This trellised grapevine was sprayed with water so it would ice over.
Budbreak is one of the most exciting times of year for the backyard winegrower. The snow has melted and you can feel the warmth of the sun on your face. The smell of new grass and the perfume of crocuses, daffodils and hyacinth is in the air. The vineyard is pruned, trellis wires are tightened and a new vintage is underway. It’s a beautiful time of year filled with anticipation of a healthy new crop of grapes to make delicious new wine with. It’s a long road from budbreak to a harvest of perfectly ripened grapes though, a road that holds many perils along the way. Depending on your growing region and climate, a few of those obstacles may include hail, mildew, fungal diseases, insects, animals and even an overabundance of rain. Any of these threats has the potential to destroy or greatly reduce the quality of an otherwise healthy crop of high quality wine grapes. There is one threat, however that has the potential to destroy a crop of grapes before it even begins — the threat of frost.
Frost damage happens when temperatures drop below 32 °F (0 °C) after green growing tissue has appeared from a bud. It is generally a threat early in the growing season on cold clear nights, shortly after budbreak. It is such a danger because the first green growth produced on a new grapevine shoot is two or three basal leaves, immediately followed by the embryonic flower clusters that will become this year’s crop. So, if frost strikes, it can greatly reduce or even wipe out the whole vintage. Frost damage occurs in many growing regions throughout the United States, Canada, Europe and South America, to mention a few. Generally cool and cold climate growing regions are at greatest risk, but even warmer regions like California and Bordeaux can be affected in some years. If you grow grapes in a cool or cold climate, frost will likely be an annual problem for you. Since weather is the one thing a grower cannot control, frost can’t be prevented. There is however, much a grower can do to prevent or minimize frost damage. Let’s review some practical techniques that the backyard grape grower can employ to prevent frost damage in the vineyard. Before we get started, it’s worth noting that some techniques mentioned here might not be practical on a large scale in commercial vineyards. Conversely there is equipment used for frost protection in commercial vineyards that may not be affordable to the backyard grower. So this article will focus on solutions that
are practical for home wine grape growers and winemakers.
Site Selection to Avoid Cold Spots
Those of us with established vineyards or limited space have little control over site selection. But if you are currently planning a vineyard, there are a few things to keep in mind about frost before you plant. Frost usually happens because of something called radiational cooling. This happens after those beautiful sunny days in early spring that we love so much. Brilliant blue skies and bright sun give way to very clear but downright cold nights. This is because with no cloud cover to trap the warm air of the day, it escapes very quickly into the atmosphere at night. By the time dawn rolls around, the temperatures have had a chance to flirt with freezing temperatures in the vineyard. This is where choosing where you plant your vines comes into play. If there are any hills or low-spots on your site, keep these in mind when laying out and planting your vines. Avoid low-spots, gullies and areas where cold air can become trapped. Remember that cold air falls and hot air rises. So if you plant at the bottom of a hill for example, you run a greater risk for frost damage. If possible, plant vines on the upper sides of hills or slopes where cold air can “drain” or flow down to lower locations. Keep in mind that if you are in a rural area and have a very high hill, it could affect the temperature negatively since temperatures drop at higher altitudes. This is generally not a problem in backyard vineyards with small hills or slopes, but take the time to get to know your site. Find any warm or cold spots and use them to your advantage.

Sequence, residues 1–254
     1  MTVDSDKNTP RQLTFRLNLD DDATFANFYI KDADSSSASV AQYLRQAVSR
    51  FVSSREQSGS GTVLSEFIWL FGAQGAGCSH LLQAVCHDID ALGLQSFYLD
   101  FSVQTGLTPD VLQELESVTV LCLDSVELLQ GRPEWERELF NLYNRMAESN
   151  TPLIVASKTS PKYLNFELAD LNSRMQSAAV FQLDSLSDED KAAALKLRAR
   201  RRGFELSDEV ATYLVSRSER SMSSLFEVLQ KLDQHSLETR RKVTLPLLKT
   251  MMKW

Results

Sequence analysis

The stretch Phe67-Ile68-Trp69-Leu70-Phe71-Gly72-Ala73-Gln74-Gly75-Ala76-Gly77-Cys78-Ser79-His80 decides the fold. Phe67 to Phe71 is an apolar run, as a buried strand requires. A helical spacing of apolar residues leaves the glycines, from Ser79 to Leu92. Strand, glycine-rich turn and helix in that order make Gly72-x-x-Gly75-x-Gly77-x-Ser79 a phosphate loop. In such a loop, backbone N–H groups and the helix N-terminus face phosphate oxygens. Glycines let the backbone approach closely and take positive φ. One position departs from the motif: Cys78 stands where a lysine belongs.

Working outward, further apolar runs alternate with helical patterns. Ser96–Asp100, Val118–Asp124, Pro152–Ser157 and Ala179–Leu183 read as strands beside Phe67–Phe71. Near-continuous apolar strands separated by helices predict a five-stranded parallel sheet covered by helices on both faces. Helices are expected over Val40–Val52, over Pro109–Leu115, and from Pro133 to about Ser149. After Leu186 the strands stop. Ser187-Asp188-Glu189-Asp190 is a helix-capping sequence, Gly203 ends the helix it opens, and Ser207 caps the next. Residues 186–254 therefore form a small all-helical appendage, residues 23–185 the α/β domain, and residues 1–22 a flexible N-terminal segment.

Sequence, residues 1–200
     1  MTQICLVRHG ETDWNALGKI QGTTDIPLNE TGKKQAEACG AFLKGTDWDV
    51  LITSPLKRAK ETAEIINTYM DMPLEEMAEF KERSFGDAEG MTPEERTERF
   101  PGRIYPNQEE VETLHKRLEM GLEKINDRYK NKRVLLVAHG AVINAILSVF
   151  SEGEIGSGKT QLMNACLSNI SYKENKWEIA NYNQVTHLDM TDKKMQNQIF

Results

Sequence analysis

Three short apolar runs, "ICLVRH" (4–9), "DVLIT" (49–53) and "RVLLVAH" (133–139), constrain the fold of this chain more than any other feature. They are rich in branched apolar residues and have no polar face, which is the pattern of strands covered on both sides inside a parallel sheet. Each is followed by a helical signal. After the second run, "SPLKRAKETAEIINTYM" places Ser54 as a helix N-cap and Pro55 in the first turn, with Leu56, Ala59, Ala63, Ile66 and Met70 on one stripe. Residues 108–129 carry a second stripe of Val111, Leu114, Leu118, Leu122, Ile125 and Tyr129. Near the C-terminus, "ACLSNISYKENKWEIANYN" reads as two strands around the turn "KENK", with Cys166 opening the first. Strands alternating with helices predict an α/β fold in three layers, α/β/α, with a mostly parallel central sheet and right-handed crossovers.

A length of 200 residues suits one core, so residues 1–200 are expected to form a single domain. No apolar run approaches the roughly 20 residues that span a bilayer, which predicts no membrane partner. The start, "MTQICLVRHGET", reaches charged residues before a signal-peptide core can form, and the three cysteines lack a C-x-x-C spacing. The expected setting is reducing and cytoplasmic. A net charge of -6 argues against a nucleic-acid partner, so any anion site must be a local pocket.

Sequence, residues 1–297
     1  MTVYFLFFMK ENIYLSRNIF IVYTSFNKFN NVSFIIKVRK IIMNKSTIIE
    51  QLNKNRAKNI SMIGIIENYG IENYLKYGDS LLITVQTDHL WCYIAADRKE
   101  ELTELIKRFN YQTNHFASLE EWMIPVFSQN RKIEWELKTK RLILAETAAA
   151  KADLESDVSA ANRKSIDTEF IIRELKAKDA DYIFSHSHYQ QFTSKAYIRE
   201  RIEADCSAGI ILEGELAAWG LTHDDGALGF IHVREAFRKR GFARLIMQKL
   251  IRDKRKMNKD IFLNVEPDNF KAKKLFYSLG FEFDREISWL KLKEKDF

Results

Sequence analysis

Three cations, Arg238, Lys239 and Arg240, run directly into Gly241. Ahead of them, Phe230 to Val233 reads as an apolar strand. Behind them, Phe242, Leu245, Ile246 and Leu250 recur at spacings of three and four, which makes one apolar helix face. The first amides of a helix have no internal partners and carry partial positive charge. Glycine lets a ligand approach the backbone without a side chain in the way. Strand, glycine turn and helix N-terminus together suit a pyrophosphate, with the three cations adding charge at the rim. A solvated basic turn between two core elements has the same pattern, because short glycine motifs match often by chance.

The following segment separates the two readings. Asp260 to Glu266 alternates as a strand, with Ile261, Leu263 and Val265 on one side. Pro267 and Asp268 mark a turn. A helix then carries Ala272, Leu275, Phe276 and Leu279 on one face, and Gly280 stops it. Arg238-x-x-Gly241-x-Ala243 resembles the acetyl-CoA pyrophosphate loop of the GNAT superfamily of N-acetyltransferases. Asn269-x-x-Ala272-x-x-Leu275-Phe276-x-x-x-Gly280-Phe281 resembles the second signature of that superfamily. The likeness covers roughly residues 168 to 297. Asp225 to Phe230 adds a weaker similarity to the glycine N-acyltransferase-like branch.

Varietal Selection to Match Climate
Another consideration for avoiding frost damage is what varieties you will plant. This is another factor primarily for vineyards in the planning stage, or for growers who may want to consider removing one variety and replacing it with a more suitable one. All varieties have different growth characteristics and habits. The one that can affect the likelihood of frost damage most greatly, is the time of budbreak. Some vines begin their growth cycle much sooner than others. For example, in my vineyard Marechal Foch is the earliest variety to bud out, followed by another hybrid called Regent. My Vitis vinifera varieties are next with Cabernet Franc following and Riesling being last. You can usually find out this information from the nursery where you purchase your vines. You can also check on line at viticultural sites such as:
Cornell University’s Cornell-Geneva Grapevine Breeding and Genetics website, found at:
The University of Minnesota’s Wine Grape Comparisons chart, found at: http://www.grapes.umn.edu/compare-varieties.pdf